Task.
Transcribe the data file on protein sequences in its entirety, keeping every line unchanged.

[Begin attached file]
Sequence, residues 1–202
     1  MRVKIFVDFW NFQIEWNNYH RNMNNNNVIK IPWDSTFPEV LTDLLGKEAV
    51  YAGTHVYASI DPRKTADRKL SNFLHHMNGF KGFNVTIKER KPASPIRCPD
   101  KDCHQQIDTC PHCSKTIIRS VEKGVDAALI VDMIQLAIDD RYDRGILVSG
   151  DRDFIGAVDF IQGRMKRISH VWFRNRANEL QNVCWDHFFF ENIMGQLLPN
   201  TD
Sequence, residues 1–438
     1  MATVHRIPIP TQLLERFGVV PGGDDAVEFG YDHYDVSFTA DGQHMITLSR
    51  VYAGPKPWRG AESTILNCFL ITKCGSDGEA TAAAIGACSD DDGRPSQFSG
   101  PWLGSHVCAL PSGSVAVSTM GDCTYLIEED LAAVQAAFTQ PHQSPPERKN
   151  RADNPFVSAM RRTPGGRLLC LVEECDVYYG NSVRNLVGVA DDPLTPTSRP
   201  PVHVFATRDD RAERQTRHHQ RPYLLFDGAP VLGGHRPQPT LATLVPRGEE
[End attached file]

Sequence, residues 1–202
     1  MRVKIFVDFW NFQIEWNNYH RNMNNNNVIK IPWDSTFPEV LTDLLGKEAV
    51  YAGTHVYASI DPRKTADRKL SNFLHHMNGF KGFNVTIKER KPASPIRCPD
   101  KDCHQQIDTC PHCSKTIIRS VEKGVDAALI VDMIQLAIDD RYDRGILVSG
   151  DRDFIGAVDF IQGRMKRISH VWFRNRANEL QNVCWDHFFF ENIMGQLLPN
   201  TD
Sequence, residues 1–438
     1  MATVHRIPIP TQLLERFGVV PGGDDAVEFG YDHYDVSFTA DGQHMITLSR
    51  VYAGPKPWRG AESTILNCFL ITKCGSDGEA TAAAIGACSD DDGRPSQFSG
   101  PWLGSHVCAL PSGSVAVSTM GDCTYLIEED LAAVQAAFTQ PHQSPPERKN
   151  RADNPFVSAM RRTPGGRLLC LVEECDVYYG NSVRNLVGVA DDPLTPTSRP
   201  PVHVFATRDD RAERQTRHHQ RPYLLFDGAP VLGGHRPQPT LATLVPRGEE